A more difficult but ultimately more productive perspective would analyze the internal contradictions of the Saudi state, especially those affecting the royal family and their relations with the Wahhabi clerics.
King Abdullah has been succeeded on the Saudi throne by his half-brother Salman, who is 79 years old. King Salman has named another of his half-brothers, Muqrin, aged 69, as crown prince, the designated heir. King Salman is a member of the prominent group of seven sons of the modern Saudi kingdom's founder, Abd Al-Aziz, known in the West as Ibn Saud, and a favorite among his many wives, Hussah Bint Ahmad Al-Sudairi. The "Sudairi Seven" included King Fahd, who was born in 1921 and reigned from 1982 to 2005, and Crown Prince Nayef (1933-2012).
Nayef was feared as the hardest Wahhabi at the heights of power, when he occupied the Ministry of the Interior, from 1975 until his death. He was infamous for blaming the atrocities of 9/11 on "Zionists." His son, Deputy Crown Prince Muhammad, has been appointed to head the Interior Ministry. Muhammad is relatively young, at 55. He is also believed to harbor extreme Wahhabi views.
King Salman's choice of Adel al-Toraifi, the young and urbane former general manager of Al-Arabiya TV, as the new cultural and information minister has been well received by secular Saudis.
Have the Sudairis, with their demonstrable weakness in the face of Wahhabi radicalism, returned to power? Perhaps. But if so, they have not brought the most famous of their offspring with them: former Saudi ambassador to the United States Prince Bandar Bin Sultan, a second-generation Sudairi.
King Salman has already announced a series of cabinet changes. One was the dismissal of Prince Bandar from the Saudi national security council. More remarkably, Salman appointed Adel al-Toraifi as the new cultural and information minister. Al-Toraifi, a suit-and-tie wearing professional, is the former general manager of Saudi-owned Al-Arabiya television, which operates from Dubai.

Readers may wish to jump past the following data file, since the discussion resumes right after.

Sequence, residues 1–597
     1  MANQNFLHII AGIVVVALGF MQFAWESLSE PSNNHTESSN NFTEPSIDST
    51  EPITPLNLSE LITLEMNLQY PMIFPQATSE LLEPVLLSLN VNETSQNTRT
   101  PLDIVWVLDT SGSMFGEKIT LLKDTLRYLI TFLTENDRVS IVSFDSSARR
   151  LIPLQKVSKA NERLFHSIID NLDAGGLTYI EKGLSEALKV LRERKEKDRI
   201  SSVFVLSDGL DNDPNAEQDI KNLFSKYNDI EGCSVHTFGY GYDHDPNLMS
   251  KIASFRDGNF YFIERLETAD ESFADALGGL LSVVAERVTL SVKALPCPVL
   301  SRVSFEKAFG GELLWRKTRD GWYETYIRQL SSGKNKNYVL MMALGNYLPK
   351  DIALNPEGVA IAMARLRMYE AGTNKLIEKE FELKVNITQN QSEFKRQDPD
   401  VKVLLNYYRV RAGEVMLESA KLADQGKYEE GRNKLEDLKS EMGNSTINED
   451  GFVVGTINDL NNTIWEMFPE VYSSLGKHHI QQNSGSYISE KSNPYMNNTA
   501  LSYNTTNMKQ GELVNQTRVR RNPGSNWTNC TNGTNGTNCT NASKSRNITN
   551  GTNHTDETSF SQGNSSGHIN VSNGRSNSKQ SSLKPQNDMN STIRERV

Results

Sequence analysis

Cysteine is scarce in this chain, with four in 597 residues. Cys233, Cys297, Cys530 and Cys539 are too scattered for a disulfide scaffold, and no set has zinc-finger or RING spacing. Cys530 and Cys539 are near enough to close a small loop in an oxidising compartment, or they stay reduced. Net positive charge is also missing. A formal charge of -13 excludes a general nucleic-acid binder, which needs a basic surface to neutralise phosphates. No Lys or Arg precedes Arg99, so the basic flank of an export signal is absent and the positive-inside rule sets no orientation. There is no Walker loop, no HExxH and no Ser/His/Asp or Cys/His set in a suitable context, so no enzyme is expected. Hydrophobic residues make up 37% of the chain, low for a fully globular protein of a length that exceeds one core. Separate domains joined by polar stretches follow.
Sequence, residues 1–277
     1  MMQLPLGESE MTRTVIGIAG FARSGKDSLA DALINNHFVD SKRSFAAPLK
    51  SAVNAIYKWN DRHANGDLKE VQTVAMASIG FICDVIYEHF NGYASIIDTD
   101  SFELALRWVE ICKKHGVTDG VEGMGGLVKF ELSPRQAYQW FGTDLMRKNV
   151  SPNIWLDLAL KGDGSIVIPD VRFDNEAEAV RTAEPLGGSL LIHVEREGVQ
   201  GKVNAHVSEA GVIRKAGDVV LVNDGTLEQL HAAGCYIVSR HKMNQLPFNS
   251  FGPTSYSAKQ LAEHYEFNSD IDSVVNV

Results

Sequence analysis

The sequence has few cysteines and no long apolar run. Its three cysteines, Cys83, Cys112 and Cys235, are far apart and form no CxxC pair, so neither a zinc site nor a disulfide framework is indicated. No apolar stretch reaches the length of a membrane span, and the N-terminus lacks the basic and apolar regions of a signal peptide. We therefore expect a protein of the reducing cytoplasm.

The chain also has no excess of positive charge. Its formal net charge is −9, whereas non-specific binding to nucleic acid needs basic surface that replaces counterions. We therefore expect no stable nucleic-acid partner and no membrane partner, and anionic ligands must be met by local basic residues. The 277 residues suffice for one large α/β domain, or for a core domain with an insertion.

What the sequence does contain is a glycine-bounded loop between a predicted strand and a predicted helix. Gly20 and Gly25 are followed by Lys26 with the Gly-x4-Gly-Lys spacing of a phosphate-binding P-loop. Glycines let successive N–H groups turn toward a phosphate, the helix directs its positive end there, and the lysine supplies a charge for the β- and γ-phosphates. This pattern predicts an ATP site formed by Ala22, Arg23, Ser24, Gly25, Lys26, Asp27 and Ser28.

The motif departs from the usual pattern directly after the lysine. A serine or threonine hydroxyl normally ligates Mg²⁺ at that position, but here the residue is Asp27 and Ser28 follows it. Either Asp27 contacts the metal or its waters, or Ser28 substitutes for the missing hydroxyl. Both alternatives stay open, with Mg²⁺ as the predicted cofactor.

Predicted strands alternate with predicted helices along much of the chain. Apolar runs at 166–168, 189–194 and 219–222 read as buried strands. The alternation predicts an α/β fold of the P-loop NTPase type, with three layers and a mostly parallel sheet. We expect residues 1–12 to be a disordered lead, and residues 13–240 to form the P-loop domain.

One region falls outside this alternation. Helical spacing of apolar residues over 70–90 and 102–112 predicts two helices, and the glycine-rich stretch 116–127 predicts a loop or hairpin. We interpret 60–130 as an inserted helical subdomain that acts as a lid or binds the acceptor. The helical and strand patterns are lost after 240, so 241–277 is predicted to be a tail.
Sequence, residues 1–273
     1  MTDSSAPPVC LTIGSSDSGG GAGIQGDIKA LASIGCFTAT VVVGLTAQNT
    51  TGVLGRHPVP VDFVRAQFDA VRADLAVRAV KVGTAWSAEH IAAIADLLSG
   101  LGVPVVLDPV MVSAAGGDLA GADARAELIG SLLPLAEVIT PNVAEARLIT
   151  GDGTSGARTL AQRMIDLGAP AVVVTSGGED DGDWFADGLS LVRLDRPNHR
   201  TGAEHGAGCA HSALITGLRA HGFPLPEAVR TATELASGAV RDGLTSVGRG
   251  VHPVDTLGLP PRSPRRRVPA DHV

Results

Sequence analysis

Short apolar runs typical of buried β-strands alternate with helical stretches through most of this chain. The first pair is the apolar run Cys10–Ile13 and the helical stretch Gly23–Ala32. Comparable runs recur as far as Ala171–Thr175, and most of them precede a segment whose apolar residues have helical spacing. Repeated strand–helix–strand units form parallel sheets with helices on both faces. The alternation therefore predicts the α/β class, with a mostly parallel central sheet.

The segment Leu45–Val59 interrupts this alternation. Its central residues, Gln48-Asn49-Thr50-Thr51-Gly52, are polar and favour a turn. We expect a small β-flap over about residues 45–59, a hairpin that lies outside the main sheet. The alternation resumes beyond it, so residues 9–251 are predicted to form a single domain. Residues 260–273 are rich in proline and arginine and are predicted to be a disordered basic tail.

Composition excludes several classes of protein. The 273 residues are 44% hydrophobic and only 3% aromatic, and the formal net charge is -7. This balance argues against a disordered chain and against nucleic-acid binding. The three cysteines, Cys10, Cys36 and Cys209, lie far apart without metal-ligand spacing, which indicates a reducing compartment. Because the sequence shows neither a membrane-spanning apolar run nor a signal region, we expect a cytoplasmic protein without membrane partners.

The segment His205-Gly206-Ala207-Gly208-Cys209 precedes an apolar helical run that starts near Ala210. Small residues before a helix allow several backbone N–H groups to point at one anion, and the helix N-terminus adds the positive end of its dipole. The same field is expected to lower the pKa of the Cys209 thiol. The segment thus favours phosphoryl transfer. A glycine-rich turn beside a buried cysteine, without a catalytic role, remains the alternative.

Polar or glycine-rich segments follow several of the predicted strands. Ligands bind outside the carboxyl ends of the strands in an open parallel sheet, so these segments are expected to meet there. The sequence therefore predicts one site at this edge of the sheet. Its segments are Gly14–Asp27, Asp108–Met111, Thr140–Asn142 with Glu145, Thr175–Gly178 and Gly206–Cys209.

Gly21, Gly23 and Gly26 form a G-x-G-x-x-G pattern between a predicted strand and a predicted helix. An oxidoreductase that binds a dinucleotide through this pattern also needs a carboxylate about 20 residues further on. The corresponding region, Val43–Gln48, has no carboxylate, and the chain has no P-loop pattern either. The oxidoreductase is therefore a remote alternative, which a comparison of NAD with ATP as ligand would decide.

Additionally, Salman has installed Muhammad al-Suwaiyel as minister for telecommunications and information technology. Al-Suwaiyel is the former head of the King Abdullah City of Science and Technology, a massive coeducational university. That may be the most absurd aspect of the persecution of the blogger Badawi—that he defended the same modern scientific principles that Abdullah hoped to teach young Saudis.
King Salman has appointed Abdul Rahman Al-Sanad to head the feared Commission for the Promotion of Virtue and Prevention of Vice (CPVPV).
Because of the power of the Wahhabi elite, another of King Salman's new appointments will excite considerable speculation in the kingdom. Salman has assigned Abdul Rahman Al-Sanad to head the Commission for the Promotion of Virtue and Prevention of Vice (CPVPV), known to Saudis as the hai'a (commission) or mutawiyin ("pious volunteers"). Described typically as a "religious police," the hai'a are more aptly called "morals patrols."
In the past, they stalked the cities of the kingdom with leather-covered sticks, terrorizing those who were slow to run to mosque services when the call to prayer was sounded, women who allowed the all-covering abaya to slip and expose a bit of ankle, hands, or face, and members of the Saudi Shia minority. King Abdullah provided for changes in the habits of the mutawiyin, under the direction of Abdul Latif Al-Sheikh, a direct descendant of the founder of Wahhabism. Like Abdullah, Al-Sheikh demonstrated reform attitudes, imposing new restrictions on the mutawiyin, including a prohibition on interfering with people, by arresting, interrogating, or searching them without a warrant from the local governor.
Yet in 2013 Abdul Latif Al-Sheikh, acting as head of the "morals patrols," tried to prevent Saudis from using social media like Twitter as a threat to social unity. His successor, Al-Sanad, has a background in Islamic law, with degrees from two prominent Wahhabi institutions, the Imam Muhammad Ibn Saud University in Riyadh, the Saudi capital, and the University of Medina. The charges against the blogger Badawi included his reference to the Imam Muhammad Ibn Saud University as a "den of terrorists." Indeed, the institution is commonly designated "the terrorist factory" by moderate Saudis.
It will be revealing to see how Al-Sanad treats his responsibilities as head of the "morals patrols." But in light of the undeniable commitment of King Abdullah to scientific education, Saudi Arabia could find itself with a government of technocrats. That would be a positive outcome, to say the least.
Irfan Al-Alawi is executive director of the London-based Islamic Heritage Research Foundation. Stephen Schwartz, a fellow at the Middle East Forum, is executive director of the Center for Islamic Pluralism in Washington, DC.